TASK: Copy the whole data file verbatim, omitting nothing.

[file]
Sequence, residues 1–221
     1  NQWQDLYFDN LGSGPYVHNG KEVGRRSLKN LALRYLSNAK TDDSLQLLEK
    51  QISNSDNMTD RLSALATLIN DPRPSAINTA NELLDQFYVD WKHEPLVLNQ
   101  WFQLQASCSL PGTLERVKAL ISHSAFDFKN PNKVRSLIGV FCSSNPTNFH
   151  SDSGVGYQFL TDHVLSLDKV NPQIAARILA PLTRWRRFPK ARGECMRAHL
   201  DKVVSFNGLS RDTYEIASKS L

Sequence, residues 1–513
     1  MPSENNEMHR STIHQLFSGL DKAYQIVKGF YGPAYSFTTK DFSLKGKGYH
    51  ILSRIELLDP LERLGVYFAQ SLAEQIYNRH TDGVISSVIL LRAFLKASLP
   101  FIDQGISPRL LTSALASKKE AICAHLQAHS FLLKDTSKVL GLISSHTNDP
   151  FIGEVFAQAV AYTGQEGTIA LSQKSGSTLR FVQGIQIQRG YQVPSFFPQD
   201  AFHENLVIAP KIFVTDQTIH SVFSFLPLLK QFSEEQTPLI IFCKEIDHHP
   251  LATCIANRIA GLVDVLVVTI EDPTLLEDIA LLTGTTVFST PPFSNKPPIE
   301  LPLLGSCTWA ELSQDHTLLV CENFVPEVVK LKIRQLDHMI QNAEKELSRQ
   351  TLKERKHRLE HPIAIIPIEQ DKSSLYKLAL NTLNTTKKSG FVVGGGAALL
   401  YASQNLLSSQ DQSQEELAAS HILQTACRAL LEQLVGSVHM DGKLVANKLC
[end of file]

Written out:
Sequence, residues 1–221
     1  NQWQDLYFDN LGSGPYVHNG KEVGRRSLKN LALRYLSNAK TDDSLQLLEK
    51  QISNSDNMTD RLSALATLIN DPRPSAINTA NELLDQFYVD WKHEPLVLNQ
   101  WFQLQASCSL PGTLERVKAL ISHSAFDFKN PNKVRSLIGV FCSSNPTNFH
   151  SDSGVGYQFL TDHVLSLDKV NPQIAARILA PLTRWRRFPK ARGECMRAHL
   201  DKVVSFNGLS RDTYEIASKS L

Sequence, residues 1–513
     1  MPSENNEMHR STIHQLFSGL DKAYQIVKGF YGPAYSFTTK DFSLKGKGYH
    51  ILSRIELLDP LERLGVYFAQ SLAEQIYNRH TDGVISSVIL LRAFLKASLP
   101  FIDQGISPRL LTSALASKKE AICAHLQAHS FLLKDTSKVL GLISSHTNDP
   151  FIGEVFAQAV AYTGQEGTIA LSQKSGSTLR FVQGIQIQRG YQVPSFFPQD
   201  AFHENLVIAP KIFVTDQTIH SVFSFLPLLK QFSEEQTPLI IFCKEIDHHP
   251  LATCIANRIA GLVDVLVVTI EDPTLLEDIA LLTGTTVFST PPFSNKPPIE
   301  LPLLGSCTWA ELSQDHTLLV CENFVPEVVK LKIRQLDHMI QNAEKELSRQ
   351  TLKERKHRLE HPIAIIPIEQ DKSSLYKLAL NTLNTTKKSG FVVGGGAALL
   401  YASQNLLSSQ DQSQEELAAS HILQTACRAL LEQLVGSVHM DGKLVANKLC